In the Gardens: Part Two

The underwater tunnels were narrow, barely wide enough for a merm to swim through comfortably alone, but rare was it that any but Leura was in there. Sometimes there were fish or eel or some sort of crustacean, but with the current, those things did not stay long. There were times, however, that Leura found blockages in the tunnels caused by larger creatures. An octopus trying to eat a sea turtle once blocked the route out while a bloated fishman once stopped up the way inward. Leura was forced into breaking up the latter while the former ended in the use of her eleus halo. The burning obsidian ring cut through the fishman’s scales and bones with ease, leaving only a thick pulp behind. It wasn’t the type of thing Leura liked to do, but she understood the necessity.

The pale green light of the deep sea flowers that only seemed to grow in the tunnels lit Leura’s way through the passages. She wasn’t quite sure where to go or where she was going. It was not as though the paths were charted. However, despite it feeling like there were only a few routes to take in the tunnels, Leura never seemed to come out in the same spot twice. Where she would find herself this time, she could not say, but Leura had hopes. Though it wasn’t as though she could choose her path, Leura wanted to end up at Sky’s Fall again. The hippocamps there were lovely swimmers and such elegant beasts to watch, even if they became aggressive at times. However, Leura didn’t concern much for where she would end up, so long as it wasn’t beneath the ice of Ahlcestor, that kind of cold was unbearable to her for too long. Not to mention the merms that lived in the icy water were less than civil creatures, almost more savage than anything, she thought.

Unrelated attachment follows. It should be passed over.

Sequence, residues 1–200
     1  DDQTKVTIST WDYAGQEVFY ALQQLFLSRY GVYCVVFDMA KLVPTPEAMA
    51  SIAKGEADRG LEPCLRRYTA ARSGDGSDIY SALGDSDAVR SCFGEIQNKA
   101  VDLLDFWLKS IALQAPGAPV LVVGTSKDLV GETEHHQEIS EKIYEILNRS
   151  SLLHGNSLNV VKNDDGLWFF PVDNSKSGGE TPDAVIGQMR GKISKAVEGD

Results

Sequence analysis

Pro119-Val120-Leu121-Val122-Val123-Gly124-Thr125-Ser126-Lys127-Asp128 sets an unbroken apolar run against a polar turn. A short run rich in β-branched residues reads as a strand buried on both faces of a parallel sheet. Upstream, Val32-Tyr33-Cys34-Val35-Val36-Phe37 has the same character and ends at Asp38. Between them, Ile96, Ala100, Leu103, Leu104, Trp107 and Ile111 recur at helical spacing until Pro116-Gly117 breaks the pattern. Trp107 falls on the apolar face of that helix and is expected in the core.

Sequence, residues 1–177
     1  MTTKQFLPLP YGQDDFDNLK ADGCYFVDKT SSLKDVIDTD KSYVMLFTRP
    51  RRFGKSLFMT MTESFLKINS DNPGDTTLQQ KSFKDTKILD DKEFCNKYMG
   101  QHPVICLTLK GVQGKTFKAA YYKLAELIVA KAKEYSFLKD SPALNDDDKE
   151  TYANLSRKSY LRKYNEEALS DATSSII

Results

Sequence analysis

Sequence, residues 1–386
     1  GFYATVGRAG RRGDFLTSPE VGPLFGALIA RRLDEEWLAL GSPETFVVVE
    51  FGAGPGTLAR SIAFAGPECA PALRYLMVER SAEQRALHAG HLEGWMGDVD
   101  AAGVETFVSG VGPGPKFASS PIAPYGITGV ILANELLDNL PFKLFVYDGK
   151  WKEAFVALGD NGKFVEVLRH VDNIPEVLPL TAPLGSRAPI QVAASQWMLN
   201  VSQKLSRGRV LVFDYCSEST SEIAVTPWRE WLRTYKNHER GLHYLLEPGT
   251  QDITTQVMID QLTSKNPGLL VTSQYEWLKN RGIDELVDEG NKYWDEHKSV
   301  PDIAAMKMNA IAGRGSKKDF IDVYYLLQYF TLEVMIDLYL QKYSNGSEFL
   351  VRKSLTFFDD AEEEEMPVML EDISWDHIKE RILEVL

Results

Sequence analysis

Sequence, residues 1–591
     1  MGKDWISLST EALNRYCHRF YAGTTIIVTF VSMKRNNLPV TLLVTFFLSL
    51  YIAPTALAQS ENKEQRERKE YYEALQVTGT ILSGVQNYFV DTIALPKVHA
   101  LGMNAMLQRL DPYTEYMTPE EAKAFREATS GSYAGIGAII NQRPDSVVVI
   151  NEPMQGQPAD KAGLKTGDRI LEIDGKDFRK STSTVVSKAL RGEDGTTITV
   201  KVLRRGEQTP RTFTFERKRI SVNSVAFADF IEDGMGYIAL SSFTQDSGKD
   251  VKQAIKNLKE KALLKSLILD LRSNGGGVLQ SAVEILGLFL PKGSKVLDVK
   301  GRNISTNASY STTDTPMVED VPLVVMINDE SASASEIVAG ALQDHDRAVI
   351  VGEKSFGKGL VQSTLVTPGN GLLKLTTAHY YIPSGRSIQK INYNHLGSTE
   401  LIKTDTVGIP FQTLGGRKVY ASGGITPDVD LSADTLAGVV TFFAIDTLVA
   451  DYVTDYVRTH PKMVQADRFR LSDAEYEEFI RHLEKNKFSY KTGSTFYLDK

Focusing on the archipelago of the western shores or some of the inland lakes, Leura let the current take her where it chose. All the while, as the tunnels worked their magic, the merwoman studied the path she went along, not as though she needed to remember how to get home. Were she near or far Chysial-iun’s call would draw her back to the chasm, even should she try to ignore it, the great one’s beckoning was too much. However, there were occasions he would transmit his message directly into her mind, being not far from the sea, and Leura would be able to collect what was needed from where she was. This was incredibly helpful when the god required fungi or moss that grew on one side of the island. Or, more pressing, if Chysial-iun demanded an item that could not be bought and would need to be stolen, Leura could collect it and be long gone before it was missed. Just like the people she would occasionally have to coax into the water, they would vanish without a trace or finger to point. The disappearances had, however, gotten some folk across the land uncomfortable about dealing with merms, yet Leura had never had any troubles with them.

Breaching the water’s surface, Leura felt warm beams of light fall on her, soaking into her skin and calming away any unwanted tension. The relief was broken the moment the merwoman opened her eyes as a whip struck just behind her. Glancing directly at the source, Leura found a shriveled old woman; however, to say she looked more like an elderly human and not like a hunk of tree bark was more than complimentary. This woman had grown so dreadfully old and possibly so disconcerted with her own health that her flesh had grown nearly as orange as a pumpkin. Feeble and thin bits of hair worked to conceal eyes like tiny buttons stuffed deep in the skull but did as much as one bramble against a whole desert. The whip came down again, but this time Leura was a little more prepared. Pulling up her eleus halo right before she could fill the painful kiss of a barb.